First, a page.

How Low Fat Makes You Grow Fat.
The Hidden Dangers of Low Fat Foods
One of the most important pieces of advice we have for anyone interested in maintaining a good diet and healthy lifestyle is to keep your food shopping to the perimeter of your local supermarket. Do this and you will find yourself buying foods that are largely natural in their origin and which are therefore free of the additives and refined sugars we most want to avoid.
But what if you can’t resist it? What if the siren call of the centre aisles proves irresistible? Well then. Tread carefully, dear friend. Think before you buy and don’t make the fatal assumption that simply because a product dresses itself as ‘low fat’, it must be good for you. All too often, the opposite is true.
Even though they are marketed as a healthy eating option, a large proportion of the low fat foods we find on the shelves of our supermarket are little better for us (and in many cases worse) than the full fat option next to it. This is not only because animal fats may have been replaced with hydrogenated fats (which increase levels of dangerous trans-fats in our food) but because low fat foods are likely to have increased amounts of sugar.
Why? The answer has to do with taste. After removing the natural fats from their food, and replacing them with hydrogenated fats, manufacturers discovered a core problem. Their low fat food options were relatively tasteless. The easiest way to overcome this was to increase the sugar content in these foods.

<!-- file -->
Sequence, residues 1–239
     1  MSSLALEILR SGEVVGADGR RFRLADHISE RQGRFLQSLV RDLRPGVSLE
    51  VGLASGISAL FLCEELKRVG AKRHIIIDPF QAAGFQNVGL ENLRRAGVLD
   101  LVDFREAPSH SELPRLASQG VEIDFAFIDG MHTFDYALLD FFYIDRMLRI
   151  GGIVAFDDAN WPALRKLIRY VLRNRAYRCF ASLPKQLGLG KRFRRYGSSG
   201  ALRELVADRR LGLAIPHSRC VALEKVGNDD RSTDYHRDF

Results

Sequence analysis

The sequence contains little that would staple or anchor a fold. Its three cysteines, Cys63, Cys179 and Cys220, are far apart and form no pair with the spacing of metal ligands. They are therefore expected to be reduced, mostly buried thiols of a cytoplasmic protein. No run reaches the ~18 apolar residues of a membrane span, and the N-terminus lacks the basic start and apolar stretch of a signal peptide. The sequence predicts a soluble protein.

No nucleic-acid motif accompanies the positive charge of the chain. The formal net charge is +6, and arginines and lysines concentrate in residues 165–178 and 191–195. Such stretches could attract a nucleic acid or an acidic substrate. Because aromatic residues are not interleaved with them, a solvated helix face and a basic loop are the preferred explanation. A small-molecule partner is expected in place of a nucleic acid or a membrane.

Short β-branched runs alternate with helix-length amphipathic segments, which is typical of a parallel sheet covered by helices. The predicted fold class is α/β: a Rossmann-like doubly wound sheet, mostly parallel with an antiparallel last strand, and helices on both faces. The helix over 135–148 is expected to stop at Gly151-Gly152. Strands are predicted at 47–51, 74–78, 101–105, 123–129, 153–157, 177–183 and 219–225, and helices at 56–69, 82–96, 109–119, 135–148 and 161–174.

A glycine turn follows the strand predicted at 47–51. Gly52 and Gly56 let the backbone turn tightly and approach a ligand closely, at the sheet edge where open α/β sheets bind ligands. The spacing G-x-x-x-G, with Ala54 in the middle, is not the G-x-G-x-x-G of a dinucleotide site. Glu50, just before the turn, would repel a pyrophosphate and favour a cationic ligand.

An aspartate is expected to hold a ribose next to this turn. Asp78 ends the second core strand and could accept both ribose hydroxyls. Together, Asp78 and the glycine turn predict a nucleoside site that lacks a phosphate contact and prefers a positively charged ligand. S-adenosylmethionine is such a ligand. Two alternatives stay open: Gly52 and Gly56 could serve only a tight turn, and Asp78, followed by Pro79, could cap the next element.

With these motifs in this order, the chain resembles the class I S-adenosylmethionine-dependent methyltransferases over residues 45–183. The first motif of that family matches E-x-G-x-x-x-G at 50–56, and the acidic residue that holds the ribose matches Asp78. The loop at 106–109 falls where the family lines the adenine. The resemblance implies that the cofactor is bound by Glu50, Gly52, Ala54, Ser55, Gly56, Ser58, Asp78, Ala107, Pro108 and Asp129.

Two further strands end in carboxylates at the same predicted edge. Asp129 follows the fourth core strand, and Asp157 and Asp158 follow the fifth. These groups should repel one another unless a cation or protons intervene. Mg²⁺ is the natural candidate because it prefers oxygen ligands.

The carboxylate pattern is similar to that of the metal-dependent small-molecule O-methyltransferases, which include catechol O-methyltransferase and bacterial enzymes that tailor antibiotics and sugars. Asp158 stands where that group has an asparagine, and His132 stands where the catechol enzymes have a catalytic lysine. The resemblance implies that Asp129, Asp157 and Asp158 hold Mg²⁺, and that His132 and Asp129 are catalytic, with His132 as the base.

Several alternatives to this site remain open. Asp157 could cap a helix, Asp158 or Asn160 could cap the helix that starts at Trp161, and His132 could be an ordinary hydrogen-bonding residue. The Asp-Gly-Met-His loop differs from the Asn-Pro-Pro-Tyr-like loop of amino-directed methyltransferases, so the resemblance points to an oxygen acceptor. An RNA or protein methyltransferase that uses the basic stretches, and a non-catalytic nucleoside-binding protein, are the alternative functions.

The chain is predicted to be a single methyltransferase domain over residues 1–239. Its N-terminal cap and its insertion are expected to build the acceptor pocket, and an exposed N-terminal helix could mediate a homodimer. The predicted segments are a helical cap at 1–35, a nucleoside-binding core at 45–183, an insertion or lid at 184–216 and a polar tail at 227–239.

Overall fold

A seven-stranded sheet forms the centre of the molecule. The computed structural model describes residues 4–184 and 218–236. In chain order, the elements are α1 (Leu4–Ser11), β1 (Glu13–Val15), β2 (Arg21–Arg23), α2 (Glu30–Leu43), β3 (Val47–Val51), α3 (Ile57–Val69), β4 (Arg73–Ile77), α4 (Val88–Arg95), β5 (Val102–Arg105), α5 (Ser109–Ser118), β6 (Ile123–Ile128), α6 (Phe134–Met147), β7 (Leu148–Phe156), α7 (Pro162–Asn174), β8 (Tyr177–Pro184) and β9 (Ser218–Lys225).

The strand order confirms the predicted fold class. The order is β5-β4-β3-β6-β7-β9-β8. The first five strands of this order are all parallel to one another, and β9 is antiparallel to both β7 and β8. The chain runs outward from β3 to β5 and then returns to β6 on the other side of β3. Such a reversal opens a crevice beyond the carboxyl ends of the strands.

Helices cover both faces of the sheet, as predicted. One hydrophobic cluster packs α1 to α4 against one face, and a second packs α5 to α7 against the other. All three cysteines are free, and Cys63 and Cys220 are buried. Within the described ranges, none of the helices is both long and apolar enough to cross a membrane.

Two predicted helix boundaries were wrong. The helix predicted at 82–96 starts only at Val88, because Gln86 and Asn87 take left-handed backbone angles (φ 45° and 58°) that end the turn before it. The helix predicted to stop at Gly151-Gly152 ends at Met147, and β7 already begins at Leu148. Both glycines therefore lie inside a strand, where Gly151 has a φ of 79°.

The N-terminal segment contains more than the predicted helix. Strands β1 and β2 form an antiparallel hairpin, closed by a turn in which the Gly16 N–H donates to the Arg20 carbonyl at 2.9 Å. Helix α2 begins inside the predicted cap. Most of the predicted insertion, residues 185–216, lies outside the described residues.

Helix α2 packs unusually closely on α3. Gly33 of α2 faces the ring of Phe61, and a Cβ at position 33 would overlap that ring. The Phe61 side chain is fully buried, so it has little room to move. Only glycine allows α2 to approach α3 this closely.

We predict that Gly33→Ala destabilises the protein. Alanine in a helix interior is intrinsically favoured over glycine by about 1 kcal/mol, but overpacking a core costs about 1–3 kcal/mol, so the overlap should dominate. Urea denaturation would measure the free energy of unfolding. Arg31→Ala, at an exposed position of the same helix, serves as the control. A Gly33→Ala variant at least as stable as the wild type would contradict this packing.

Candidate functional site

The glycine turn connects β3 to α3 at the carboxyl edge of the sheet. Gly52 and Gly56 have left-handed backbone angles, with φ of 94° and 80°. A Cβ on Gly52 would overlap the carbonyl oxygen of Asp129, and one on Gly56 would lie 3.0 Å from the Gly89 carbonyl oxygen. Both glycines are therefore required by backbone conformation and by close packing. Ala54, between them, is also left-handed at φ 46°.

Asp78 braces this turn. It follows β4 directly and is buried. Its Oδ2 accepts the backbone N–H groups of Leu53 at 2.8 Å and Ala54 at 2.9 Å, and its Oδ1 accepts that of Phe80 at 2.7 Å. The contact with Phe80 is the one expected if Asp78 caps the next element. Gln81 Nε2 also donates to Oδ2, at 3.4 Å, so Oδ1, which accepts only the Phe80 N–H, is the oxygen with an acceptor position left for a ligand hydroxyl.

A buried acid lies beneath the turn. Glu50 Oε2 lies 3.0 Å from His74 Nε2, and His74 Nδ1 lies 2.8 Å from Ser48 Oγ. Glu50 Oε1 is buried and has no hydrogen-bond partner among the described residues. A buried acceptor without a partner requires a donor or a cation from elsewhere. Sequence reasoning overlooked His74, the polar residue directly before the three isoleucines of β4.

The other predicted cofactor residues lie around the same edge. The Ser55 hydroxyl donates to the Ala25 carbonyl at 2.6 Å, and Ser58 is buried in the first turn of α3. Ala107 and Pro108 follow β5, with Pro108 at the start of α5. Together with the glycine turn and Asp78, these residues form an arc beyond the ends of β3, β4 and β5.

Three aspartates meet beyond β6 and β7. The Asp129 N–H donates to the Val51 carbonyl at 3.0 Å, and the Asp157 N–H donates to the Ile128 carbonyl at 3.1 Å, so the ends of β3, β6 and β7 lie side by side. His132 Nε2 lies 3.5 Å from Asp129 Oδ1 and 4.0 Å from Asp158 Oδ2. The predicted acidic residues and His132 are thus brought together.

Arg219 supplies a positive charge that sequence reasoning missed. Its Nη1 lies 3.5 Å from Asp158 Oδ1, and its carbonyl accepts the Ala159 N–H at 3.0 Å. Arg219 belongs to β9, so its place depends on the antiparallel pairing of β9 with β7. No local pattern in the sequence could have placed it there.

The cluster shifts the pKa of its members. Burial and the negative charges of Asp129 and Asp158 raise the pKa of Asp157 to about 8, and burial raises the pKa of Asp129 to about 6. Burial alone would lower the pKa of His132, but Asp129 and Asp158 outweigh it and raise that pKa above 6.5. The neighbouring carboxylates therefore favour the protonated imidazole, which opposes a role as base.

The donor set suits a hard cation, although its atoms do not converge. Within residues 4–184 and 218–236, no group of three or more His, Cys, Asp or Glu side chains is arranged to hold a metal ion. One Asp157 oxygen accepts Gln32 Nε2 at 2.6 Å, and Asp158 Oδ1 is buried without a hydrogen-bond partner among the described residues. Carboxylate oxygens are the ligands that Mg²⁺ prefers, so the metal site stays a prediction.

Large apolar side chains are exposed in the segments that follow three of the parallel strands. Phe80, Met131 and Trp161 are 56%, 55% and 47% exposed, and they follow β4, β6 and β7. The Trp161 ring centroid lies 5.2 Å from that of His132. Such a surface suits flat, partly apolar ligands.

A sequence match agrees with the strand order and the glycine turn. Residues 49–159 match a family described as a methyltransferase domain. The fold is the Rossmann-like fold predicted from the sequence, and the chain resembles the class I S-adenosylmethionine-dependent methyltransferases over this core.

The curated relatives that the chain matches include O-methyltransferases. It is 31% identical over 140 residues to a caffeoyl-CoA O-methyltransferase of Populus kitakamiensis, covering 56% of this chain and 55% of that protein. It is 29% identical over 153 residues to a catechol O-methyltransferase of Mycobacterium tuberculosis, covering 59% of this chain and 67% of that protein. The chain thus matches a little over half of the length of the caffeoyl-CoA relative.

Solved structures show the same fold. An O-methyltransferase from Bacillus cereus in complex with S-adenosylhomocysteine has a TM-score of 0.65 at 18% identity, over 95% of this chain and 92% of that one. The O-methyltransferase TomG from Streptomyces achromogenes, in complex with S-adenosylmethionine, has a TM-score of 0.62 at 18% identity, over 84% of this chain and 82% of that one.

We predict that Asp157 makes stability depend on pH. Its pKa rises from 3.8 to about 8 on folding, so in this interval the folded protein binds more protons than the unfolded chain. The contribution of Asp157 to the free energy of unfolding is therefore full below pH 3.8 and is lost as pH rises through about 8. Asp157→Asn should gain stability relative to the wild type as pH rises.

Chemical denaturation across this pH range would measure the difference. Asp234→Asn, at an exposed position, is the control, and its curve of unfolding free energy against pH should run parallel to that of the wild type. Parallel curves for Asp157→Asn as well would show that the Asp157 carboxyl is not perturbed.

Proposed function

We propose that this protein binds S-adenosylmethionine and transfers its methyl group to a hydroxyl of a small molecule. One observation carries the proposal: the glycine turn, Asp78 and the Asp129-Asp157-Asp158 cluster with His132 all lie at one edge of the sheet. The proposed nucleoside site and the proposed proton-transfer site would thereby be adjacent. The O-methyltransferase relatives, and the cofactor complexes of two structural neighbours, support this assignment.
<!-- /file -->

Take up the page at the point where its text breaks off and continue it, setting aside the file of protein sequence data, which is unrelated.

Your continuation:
A number of recent surveys, conducted in the UK, have highlighted this problem. One study, released by Channel 4’s Dispatches team, found that low fat foods contain an average 20% more sugar than their full fat equivalents and that they can actually increase the risk of weight gain, heart disease and diabetes!
This remarkable finding is supported by research conducted by The Daily Telegraph in the UK, which studied 100 popular low or non-fat grocery items from major supermarkets. Their findings were shocking, to say the least. Not only did dozens of these items contain at least two teaspoons of sugar in a single serving, but one in four products contained more than three teaspoons!
Clearly, such high levels of sugar should be avoided, especially in light of the World Health Organisation’s recommendation that we should consume as little as 25 grams (six teaspoons) of sugar per day. With many sugars occurring naturally in our foods (and especially in the fruit we eat) highly refined and processed foods, packed with additional sugar, are something we might want to steer clear of.
So, next time you find yourself stuck in the centre aisles of your supermarket and that easy-to-cook, low fat meal option throws itself in front of you? Take the time, at least, to read the ingredients label. Check how much sugar is in the product. In all likelihood, you’ll find yourself putting it back on the shelf.